Membership category External transfer Life event TelstraSuper Corporate Plus yes yes TelstraSuper Personal Plus yes yes TelstraSuper RetireAccess yes no TelstraSuper Division 2 yes no TelstraSuper Division 5 yes no Sensis Super Plus - Defined Benefti yes no
How do I apply for top-up cover?
You apply for additional death only or death & TPD insurance cover (top-up) anytime. You’ll need to complete an Insurance Telephone Application Request form. All premiums for top-up cover are deducted in arrears from your TelstraSuper account at the end of each quarter or when you leave the fund.
On completion of your application, we will forward your request to TAL who will contact you for an interview by phone. They will seek additional medical, occupational and general information where necessary in order to assess your application. Once their underwriting assessment is complete, we will inform you of the outcome. Any additional cover offered to you may include the following:
- Occupational Loadings – these are an increase to the premium as a result of the risk category assigned to your occupation.
- Medical Loadings – these are an increase to the premium as a result of the risk category assigned to your medical history.
- Exclusions – TAL may apply medical exclusions to your additional cover for which coverage is not provided for in the event of a claim where the condition is directly or indirectly caused by the medical exclusion noted.
More information on premium loadings can be found here.
What is the maximum total sum insured cover available for Death and TPD?
Insurance type Sum insured Death Unlimited TPD Maximum of $5m however it cannot be higher than your death cover sum insured.
Can I cancel or reduce my cover?
For any new cover there is a 14 day cooling off period. After this time, you can cancel or reduce the amount of cover you have by calling us on 1300 033 166 or completing a Cancel or Reduce Insurance form.
What happens to my Income Protection insurance when my salary changes?
It depends on your super arrangement. If you have IP cover and are a TelstraSuper Corporate Plus, TelstraSuper Division 5 or a Sensis Super Plus – Defined Benefit member your employer confirms your salary details once a year to TelstraSuper and if your salary has changed your Income Protection will be automatically adjusted and this will be reflected on you quarterly statement and in your online TelstraSuper account.
However, for TelstraSuper Personal Plus members, if your salary increases and you wish to be covered appropriately, you’ll need to complete an Insurance Telephone Application Request form to be underwritten. On the other hand, if your salary has decreased or you’re no longer working then you’ll need to complete a Cancel or Reduce Insurance form so you’re not paying unnecessary premiums.
What happens to my insurance when I leave my Telstra employer?
Any Death, TPD or Income Protection you had will automatically be transferred to a TelstraSuper Personal Plus (account along with your account balance) and premiums will be deducted in arrears from your TelstraSuper account at the end of each quarter or when you leave the fund. If you have Income Protection cover you will need to
- complete a Continuing Income Protection form; and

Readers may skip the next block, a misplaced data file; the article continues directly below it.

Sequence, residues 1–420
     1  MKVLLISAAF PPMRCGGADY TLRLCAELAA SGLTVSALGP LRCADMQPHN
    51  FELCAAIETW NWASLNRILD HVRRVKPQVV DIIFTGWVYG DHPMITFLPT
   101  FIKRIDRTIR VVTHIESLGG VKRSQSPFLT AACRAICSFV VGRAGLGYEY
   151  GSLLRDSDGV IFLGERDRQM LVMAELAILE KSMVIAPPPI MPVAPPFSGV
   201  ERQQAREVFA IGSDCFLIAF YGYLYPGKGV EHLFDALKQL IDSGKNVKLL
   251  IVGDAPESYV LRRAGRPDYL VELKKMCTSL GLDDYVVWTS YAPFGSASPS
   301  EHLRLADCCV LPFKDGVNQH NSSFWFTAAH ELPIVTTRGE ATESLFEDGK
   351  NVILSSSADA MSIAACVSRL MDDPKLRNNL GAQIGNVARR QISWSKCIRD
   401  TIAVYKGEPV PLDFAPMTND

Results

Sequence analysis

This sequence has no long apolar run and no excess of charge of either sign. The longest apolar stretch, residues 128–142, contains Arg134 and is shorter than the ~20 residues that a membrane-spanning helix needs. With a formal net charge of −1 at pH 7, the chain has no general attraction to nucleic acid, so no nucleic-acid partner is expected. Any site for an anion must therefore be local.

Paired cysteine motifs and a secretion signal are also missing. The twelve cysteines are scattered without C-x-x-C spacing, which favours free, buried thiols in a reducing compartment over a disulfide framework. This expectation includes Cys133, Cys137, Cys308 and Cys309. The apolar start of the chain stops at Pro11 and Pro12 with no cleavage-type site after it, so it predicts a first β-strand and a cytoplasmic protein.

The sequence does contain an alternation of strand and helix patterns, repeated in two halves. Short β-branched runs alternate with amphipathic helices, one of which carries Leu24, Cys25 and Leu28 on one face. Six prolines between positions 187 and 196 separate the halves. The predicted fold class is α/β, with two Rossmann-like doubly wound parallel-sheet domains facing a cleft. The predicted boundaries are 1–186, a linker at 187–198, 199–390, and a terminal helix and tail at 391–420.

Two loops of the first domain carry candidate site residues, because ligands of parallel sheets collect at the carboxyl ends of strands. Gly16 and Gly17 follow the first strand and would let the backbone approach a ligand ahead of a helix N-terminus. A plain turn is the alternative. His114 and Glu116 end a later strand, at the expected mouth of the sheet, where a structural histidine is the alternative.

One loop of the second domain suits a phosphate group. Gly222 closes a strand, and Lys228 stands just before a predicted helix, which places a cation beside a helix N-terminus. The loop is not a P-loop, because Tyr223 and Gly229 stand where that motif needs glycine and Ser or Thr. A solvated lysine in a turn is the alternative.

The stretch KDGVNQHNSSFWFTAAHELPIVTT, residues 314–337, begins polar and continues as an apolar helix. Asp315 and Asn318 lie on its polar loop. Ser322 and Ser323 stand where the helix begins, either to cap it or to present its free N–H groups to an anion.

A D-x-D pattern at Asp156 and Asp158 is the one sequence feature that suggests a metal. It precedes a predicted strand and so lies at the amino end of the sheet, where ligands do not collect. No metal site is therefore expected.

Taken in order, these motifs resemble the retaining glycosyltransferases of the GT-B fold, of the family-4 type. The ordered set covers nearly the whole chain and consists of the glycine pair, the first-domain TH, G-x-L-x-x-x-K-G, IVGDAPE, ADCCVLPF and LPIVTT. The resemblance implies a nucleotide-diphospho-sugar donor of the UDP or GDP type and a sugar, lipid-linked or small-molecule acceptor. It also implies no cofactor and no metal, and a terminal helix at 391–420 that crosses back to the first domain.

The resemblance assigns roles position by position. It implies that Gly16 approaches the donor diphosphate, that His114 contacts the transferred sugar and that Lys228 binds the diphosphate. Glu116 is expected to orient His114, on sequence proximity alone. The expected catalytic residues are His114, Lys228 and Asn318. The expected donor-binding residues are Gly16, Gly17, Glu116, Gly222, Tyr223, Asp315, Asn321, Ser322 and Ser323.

- arrange for your new employer to pay Superannuation Guarantee contributions into your TelstraSuper account within 120 days of moving to TelstraSuper Personal Plus.
You will receive a letter from TelstraSuper confirming your insurance details including premiums and what you need to do to keep you Income Protection insurance after the first 120 days in TelstraSuper Personal Plus.
What is the minimum balance required to maintain the insurance cover?
There is no set minimum balance however sufficient funds are required to cover any administration fees, taxes and insurance premiums. If your account balance gets low and you are at risk of your insurance cover being cancelled, we will write to you on how you can continue pay your premiums to stay protected.
Does TelstraSuper insurance provide world-wide cover?
TelstraSuper offers world-wide cover subject to insured members abiding by all policy conditions which apply to them. Cover shall be provided 24 hours a day for all insured members who are Australian residents while in Australia or overseas. Please call us if you would like a copy of the policy document.
Note: existing member will not be covered for insurance purposes if they move indefinitely to another country.
Who underwrites insurance provided through TelstraSuper?
TAL Life Limited (‘TAL’) is the Underwriter and Insurer for TelstraSuper.
- What fees does TelstraSuper charge?
What is an ABN and what is TelstraSuper's ABN?
ABN stands for Australian Business Number and it’s used as a unique identifier – sort of like a tax file number but for a business. Businesses with an ABN are part of the Australian Business Register which is operated by the Australian Taxation Office.
Our ABN is 85 502 108 833.
What is the USI and what is TelstraSuper's USI?
USI stands for Unique Superannuation Identifier.
You might be asked to provide TelstraSuper’s USI when providing the details of your super account to a new employer. It can also be referred to as a “SPIN” or Super Product Identifier Number.
Our USI/SPIN is TLS0100AU.
Will it cost anything to join TelstraSuper?
As a not for profit fund we don’t charge entry, exit, contribution fees or commissions. If you are coming from another fund, you may have a withdrawal fee in that fund, so you might want to refer to your current fund's product disclosure statement for details.
Find out about the benefits of joining TelstraSuper, including our extensive range of value-added products and services.